Make sense?

    @Sid – I am hardly a Ramsey worshiper and I called him out on what I thought was a bad advice before. Whether we like it or not, Dave Ramsey has done a good job of teaching this method and his name is now synonymous with Debt Snowball.

    As far as trademarking Debt Snowball, I don’t know if he did it or not…got to check it out.

  5. good look at the debt snowball, especially enjoyed your graphic aids! 🙂

    I think people like to complain about how Ramsey isn’t “good at math” or how his methods are for people who can’t add. The problem is people don’t get into debt by only using math – and you have to take into account the psychology when getting out of debt as well. Thus, with the debt snowball method you get those quick wins to keep you motivated and moving towards the goal of removing the debt.

    If people are motivated and want to use another method to get out of debt – more power to them! As Ramsey himself says, you can’t go wrong getting out of debt! Choose the plan that works best for you, and just DO IT!

  6. Great article! I love this idea, have heard about it before, and am actively involved in a debt snowball of my own. I will say, though, that this article might be my favorite summary of this debt repayment method. I agree with Peter that using this method is a great way for staying motivated with quick wins. As to the idea of snowflakes, I advocate the use of windfall money like annual bonuses or tax refunds to accelerate debt repayment.

    Enjoy the site (just added you to my blogroll), keep up the good work!

  7. @ Pinyo – Thanks for the reference; Now, I have a totally new variation, called the Cash Cascade here:


    This video addresses the fundamental problem of paying down debt … it’s not ALWAYS a good thing; you see, the old ‘good debt v bad debt’ argument only comes into play when you are thinking of ACQUIRING DEBT.

    So, the Cash Cascade is based on the principle that ONCE YOU ARE IN DEBT there is no such thing as ‘good debt’ and ‘bad debt’ any more, only ‘cheap debt’ and ‘expensive debt’ that you should exploit (carefully) for building wealth.

    Let me know what you and your readers think 🙂


  8. Great article! I am a Dave Ramsey fan and facilitate the class at my church. I doubt he would have a problem with any of the variations of the plan to get out of debt. The baby steps he uses are just that, baby steps and the idea is to celebrate the small victories which then lead to bigger victories. As others have said, if you have the discipline to attack higher interest rate ones, then more power to you.

  9. We follow the Dave Ramsey plan in our household. I tried for years to get my wife to be onboard about paying off all the debt ASAP, she wasn’t having it. Since he is a Christian my wife was more than willing to jump on board, why that needed to happen is beyond me, but it worked and we are trying to accomplish this goal. His plan for her because money has an emotional effect on her and having those small victories as we knock a debt down one by one keeps her motivated. As Dave Ramsey says; I am the nerd and she is the free spirit.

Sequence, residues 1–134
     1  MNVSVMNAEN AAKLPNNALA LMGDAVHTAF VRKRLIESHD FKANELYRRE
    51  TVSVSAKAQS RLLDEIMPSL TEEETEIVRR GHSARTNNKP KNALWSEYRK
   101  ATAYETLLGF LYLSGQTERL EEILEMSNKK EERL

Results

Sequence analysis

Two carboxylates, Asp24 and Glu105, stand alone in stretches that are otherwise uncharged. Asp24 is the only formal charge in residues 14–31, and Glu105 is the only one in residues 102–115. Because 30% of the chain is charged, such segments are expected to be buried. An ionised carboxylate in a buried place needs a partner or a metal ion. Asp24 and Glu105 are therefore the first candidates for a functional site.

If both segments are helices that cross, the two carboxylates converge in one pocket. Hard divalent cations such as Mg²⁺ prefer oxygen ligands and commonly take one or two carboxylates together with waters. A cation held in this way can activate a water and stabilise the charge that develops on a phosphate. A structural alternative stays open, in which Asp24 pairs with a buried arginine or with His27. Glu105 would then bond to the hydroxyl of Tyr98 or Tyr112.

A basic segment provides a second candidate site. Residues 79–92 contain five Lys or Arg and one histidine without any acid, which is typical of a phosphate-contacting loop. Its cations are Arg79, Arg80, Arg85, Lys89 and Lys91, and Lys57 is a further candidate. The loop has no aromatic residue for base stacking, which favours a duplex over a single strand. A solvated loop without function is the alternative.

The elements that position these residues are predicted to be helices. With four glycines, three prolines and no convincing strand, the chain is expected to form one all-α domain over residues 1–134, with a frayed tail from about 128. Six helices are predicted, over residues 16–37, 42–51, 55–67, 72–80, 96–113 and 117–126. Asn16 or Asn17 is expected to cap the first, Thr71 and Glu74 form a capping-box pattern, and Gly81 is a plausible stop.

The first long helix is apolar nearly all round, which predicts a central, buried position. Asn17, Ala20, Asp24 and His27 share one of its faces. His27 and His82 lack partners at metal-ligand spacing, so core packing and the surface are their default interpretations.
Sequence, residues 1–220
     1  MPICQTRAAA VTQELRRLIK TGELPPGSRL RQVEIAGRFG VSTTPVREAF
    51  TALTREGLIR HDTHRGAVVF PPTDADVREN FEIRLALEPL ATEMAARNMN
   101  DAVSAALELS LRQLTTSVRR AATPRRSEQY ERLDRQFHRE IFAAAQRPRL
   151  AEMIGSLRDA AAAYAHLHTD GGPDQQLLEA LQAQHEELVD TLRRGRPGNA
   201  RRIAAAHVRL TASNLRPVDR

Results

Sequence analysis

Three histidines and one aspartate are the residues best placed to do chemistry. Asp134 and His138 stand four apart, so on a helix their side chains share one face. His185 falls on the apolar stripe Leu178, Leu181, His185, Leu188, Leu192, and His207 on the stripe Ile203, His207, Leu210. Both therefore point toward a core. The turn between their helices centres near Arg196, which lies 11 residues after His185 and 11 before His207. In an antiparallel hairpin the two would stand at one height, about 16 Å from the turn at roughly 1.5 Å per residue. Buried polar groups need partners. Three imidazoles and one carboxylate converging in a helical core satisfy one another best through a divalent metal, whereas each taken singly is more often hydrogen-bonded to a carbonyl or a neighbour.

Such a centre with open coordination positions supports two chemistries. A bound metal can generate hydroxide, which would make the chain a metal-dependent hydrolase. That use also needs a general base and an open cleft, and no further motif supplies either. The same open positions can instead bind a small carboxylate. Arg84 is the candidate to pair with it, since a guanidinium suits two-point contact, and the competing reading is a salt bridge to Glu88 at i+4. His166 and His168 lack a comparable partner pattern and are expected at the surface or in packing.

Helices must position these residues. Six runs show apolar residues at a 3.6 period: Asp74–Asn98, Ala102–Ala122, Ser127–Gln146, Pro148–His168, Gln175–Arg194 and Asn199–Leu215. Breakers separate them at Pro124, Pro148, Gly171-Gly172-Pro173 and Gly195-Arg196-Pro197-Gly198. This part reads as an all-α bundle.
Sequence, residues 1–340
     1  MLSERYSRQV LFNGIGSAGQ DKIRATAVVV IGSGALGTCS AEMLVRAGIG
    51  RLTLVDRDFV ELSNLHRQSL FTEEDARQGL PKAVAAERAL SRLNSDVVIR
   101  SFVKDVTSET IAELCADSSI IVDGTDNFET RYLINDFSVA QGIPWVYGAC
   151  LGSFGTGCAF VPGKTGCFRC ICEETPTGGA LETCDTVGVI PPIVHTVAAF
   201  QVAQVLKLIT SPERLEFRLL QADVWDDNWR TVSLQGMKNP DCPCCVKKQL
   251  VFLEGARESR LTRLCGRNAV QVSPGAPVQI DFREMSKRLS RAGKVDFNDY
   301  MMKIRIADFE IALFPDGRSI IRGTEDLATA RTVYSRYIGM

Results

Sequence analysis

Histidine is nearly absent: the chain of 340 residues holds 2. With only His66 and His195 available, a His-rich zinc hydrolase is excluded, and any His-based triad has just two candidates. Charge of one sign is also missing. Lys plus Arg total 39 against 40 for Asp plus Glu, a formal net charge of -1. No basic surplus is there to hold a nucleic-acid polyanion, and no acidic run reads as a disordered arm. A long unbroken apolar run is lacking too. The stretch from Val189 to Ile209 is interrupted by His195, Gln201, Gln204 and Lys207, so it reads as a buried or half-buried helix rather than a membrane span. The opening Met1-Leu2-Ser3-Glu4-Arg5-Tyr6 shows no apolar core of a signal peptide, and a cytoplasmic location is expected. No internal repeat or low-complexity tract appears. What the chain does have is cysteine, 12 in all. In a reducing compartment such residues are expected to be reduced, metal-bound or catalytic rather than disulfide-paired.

Living a life of indulgement was nice for a few years: eating out, buying stuff, and no budgets got us where we are today. The economy is now a wakeup call to get our act together a minimize the risk.

  10. It was a 3 back to back hardships that tore my sails of hope in being financially ok. So here I am today cancer free, partials and a scare to boot. My credit plunged into that dreaded hole of no return. Presently I work 2 jobs to the bone just to keep my jobs. I am now at my mom’s, my dad is taking me to court because he believes I am financially helping my mom LOL. Oh I am now 40,000.00 in debt and have to cash advances dragging along too. Oh and the cash advances kept the rent up for a good 4mths. So the baby step method omg!! What a relief. What interest? They are all in collections. My car has interest but I am almost current on that. My debt has hurt my credit and you need credit so this method is exciting to me and refreshing. Good Luck everyone it’s a mad house out there!

  11. Excellent…but I have a better idea. Now that we live under increasingly repressive communist rule the incentive to be productive and successful is quickly eroding. Just the opposite is rewarded and I believe we’ve past the moral point of no return. So, just stop working full time, or get fired (for 100 wks of unemployment ins.) to significantly reduce your income. Once you achieve income poverty you can easily do nothing and let taxpayers pay your way. 45 to 50 K a year on welfare etc, is not uncommon and who cares about debt!?!? You’ll make excellent money just sponging off local, state and federal welfare subsidies that also include AHA health care. Since nothing actually works anymore…why should you?

    • Spitfire
      Im not sure where you recieved this info but i thought id just let you know how much we actually do recieve. My husband and i are both disabled and cannot work so we do live off government funding.heres a breakdown of our expenses.

      Incoming funds
      300 dollars in foodstamps
      1000 in ssi/ssdi (after medical deducatable is taken out)

      Outgoing funds
      Rent 700
      Electric 50
      Telephone 50
      Copays for medication and certain doctors 100 (on the low side as my husband needs 25 or more life sustaining meds and sees 13 doctors regularly )
      100 for household supplies (toilet paper, laundry detergent, cleaning supplies, trash bags, coin op laundromat,rides to and from grocery store and anywhere else, and the like)
      100 for personal incidentals (soap, shampoo, deodorant, shoes,clothing, grooming supplies etc)

      Please notice this budget leaves 0 dollars for going out to eat or going to the movies.

      I would LOVE to know the secrets to getting thips 40 to 50 thousand a year because we bearly break 12 thousand